Freeman Health System in Joplin is one of 12 Missouri hospital operations suing an opioid-maker and affiliated manufacturers, distributors and pharmacies that sold drugs such as OxyContin, according to a lawsuit filed Thursday in Greene County.
The hospitals are seeking compensatory and punitive damages, as well as interest costs and other relief. That total could be as high as tens of millions of dollars for Freeman, said Don Barrett, lead lawyer for the suit.
"Hospitals are required by law to take whoever comes in the door," Barrett said. "They don't have the option of turning them away. The truth is that patients who are addicted to opioids are more costly to treat, stay in the hospital longer, they are sicker when they get there ... and pay less."
Along with Purdue Pharma, pharmacies such as CVS, Walgreens and Walmart are named as defendants. Barrett said the inclusion of pharmacies was important — according to the suit, the pharmacy companies did not respect laws requiring programs for detecting suspicious orders or filled suspicious orders even if they were detected. CoxHealth, a system based in Springfield with locations in Lamar and Monett, joined the suit.
The suit claims the defendants are responsible for an addiction problem that has been identified by federal authorities as a public health emergency. It alleges that almost 2.2 billion pills were shipped to Missouri by opioid distributors between 2006 and 2014, according to a news release from a firm representing the hospitals.
The suit details how the company and its related partners used deceptive marketing when speaking with hospitals and physicians, claiming that the risk of addiction was low when treating chronic pain and overstating the benefits.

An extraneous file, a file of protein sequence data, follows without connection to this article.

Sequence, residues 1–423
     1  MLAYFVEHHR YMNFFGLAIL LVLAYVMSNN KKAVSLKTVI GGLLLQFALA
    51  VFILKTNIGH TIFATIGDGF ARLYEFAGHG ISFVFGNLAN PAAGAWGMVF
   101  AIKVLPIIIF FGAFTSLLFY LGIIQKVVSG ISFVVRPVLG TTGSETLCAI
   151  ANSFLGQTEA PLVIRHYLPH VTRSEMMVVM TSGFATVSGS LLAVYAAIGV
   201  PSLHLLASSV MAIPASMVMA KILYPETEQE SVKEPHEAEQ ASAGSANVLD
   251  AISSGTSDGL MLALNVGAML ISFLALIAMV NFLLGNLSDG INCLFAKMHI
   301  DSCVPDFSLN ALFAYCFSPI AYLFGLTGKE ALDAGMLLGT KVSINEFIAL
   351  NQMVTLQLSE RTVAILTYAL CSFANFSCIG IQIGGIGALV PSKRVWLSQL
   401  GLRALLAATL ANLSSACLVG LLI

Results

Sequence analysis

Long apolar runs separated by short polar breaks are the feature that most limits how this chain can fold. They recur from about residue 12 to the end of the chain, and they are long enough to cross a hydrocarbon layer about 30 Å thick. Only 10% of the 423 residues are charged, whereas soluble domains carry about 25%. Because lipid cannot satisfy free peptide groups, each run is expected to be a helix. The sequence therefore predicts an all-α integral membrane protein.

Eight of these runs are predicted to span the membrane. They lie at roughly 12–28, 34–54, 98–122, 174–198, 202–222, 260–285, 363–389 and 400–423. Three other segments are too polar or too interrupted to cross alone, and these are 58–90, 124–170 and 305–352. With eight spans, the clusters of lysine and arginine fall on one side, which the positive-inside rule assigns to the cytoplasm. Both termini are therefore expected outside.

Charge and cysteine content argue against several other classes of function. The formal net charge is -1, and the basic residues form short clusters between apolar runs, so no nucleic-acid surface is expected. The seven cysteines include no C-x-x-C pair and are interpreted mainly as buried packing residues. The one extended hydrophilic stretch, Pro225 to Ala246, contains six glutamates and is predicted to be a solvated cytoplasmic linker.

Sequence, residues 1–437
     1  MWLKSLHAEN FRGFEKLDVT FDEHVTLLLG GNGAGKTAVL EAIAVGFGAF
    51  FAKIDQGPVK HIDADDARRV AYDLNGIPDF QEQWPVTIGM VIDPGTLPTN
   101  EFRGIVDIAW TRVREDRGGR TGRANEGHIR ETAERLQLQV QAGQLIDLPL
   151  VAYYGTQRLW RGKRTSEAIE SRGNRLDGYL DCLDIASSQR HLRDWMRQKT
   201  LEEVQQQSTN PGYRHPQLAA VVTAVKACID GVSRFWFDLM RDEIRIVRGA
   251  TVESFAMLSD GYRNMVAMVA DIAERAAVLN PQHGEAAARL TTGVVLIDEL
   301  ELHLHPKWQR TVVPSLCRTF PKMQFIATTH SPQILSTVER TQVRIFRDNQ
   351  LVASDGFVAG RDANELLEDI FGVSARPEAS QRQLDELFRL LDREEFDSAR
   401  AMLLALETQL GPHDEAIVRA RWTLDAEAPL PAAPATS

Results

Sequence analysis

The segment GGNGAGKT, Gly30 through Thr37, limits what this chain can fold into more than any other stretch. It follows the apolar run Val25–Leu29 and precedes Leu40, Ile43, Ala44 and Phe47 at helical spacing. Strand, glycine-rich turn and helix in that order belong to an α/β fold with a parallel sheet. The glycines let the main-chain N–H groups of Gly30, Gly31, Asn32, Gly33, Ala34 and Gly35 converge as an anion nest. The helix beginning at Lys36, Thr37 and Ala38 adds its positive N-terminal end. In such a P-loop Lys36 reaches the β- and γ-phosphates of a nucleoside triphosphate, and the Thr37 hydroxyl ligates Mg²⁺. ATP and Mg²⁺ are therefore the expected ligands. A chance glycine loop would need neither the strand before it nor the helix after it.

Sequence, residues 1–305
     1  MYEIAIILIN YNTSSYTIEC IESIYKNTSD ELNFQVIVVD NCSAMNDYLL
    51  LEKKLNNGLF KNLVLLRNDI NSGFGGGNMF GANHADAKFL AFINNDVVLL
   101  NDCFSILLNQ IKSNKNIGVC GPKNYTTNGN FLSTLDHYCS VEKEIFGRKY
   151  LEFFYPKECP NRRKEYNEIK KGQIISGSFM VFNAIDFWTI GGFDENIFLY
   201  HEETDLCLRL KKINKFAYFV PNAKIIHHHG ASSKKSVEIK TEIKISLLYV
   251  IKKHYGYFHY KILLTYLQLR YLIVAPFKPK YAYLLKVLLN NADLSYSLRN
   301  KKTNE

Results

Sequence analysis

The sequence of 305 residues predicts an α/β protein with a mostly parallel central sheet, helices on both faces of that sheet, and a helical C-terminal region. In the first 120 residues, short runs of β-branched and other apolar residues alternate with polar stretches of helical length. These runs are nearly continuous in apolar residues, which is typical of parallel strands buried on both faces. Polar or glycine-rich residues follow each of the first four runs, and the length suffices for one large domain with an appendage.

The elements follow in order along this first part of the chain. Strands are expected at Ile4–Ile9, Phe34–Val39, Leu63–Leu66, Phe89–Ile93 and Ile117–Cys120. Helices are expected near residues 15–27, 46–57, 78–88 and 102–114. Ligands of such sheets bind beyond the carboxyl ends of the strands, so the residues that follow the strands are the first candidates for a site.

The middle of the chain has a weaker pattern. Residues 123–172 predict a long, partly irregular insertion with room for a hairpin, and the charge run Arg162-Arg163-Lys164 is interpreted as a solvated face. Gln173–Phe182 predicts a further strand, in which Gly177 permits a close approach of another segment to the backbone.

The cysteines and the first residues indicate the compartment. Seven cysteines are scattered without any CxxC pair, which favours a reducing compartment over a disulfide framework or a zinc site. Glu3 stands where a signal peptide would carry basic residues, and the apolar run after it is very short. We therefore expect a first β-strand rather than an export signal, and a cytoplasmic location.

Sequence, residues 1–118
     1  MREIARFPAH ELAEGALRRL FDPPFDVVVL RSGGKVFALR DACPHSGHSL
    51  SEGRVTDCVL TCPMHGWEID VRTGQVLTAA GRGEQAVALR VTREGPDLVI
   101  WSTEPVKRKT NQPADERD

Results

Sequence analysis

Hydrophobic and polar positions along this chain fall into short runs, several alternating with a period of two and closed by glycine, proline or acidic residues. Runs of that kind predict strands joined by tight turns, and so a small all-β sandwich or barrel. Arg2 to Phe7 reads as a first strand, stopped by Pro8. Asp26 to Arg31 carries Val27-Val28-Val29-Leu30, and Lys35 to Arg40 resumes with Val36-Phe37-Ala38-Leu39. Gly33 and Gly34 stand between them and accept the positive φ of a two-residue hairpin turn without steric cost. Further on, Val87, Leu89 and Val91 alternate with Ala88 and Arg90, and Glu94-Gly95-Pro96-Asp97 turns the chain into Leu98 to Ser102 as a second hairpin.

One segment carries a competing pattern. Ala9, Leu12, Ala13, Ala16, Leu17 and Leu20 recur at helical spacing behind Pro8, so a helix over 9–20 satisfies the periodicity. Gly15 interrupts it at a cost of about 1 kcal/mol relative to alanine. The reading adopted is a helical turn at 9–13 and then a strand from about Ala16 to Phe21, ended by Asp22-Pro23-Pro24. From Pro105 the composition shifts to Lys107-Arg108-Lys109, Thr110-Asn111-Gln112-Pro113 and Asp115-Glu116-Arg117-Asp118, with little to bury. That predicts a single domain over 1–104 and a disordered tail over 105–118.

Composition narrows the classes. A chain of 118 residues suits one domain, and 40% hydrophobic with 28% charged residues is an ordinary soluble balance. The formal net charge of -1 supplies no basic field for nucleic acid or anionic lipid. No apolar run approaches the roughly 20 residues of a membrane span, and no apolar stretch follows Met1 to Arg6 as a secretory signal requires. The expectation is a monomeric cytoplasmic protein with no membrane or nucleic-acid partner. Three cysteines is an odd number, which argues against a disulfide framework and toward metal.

In a statement released by Freeman, the hospital said it joined the suit for a variety of reasons, including those marketing practices, and seeks to recoup money to offset "high associated costs of treating patients with opioid addiction."
Freeman adjusted its policies for prescribing opioids as more information became clearer about the risks associated with them, according to the statement.
"However, those shifts do not erase high medical costs for associated treatment for individuals who are addicted to opioids," according to the statement. "Freeman Health System has long subsidized many of these expenses, leading to a financial burden."
Barrett said the costs of treating opioid patients has caused financial strain for hospitals across the country — many of which are nonprofits that struggle to break even.
"Hospitals have been going out of business because of opioids, and millions of dollars have been lost because of them," Barrett said. "They are an existential threat to hospitals all over the country."
According to the Centers for Disease Control and Prevention, more than 70,000 people in 2017 died of drug overdoses, and almost 68% of those deaths involved a prescription for an opioid or an illicit opioid.
In addition to the suits, states are seeking legal recourse against manufacturers. In August, a judge sided with the state of Oklahoma and found New Jersey-based pharmaceutical company Johnson & Johnson liable for $572.1 million.
Missouri Attorney General Eric Schmitt is collecting stories from victims of opioid abuse, presumably for future actions. In 2017, then-Attorney General Josh Hawley sued makers Purdue, Endo and Janssen, citing many of the same reasons listed in the hospitals' case as well as contending that because the state's prescription drug program was used to pay for prescriptions, the makers engaged in Medicare fraud.
In that 2017 suit, Purdue Pharma denied any wrongdoing. In September 2019, Purdue announced a preliminary agreement to "settle the massive opioid litigation facing the company" by filing for Chapter 11 bankruptcy, according to a statement on its website.
With the suit, the 12 hospitals join more than 650 other hospitals suing opioid-makers in states across the country.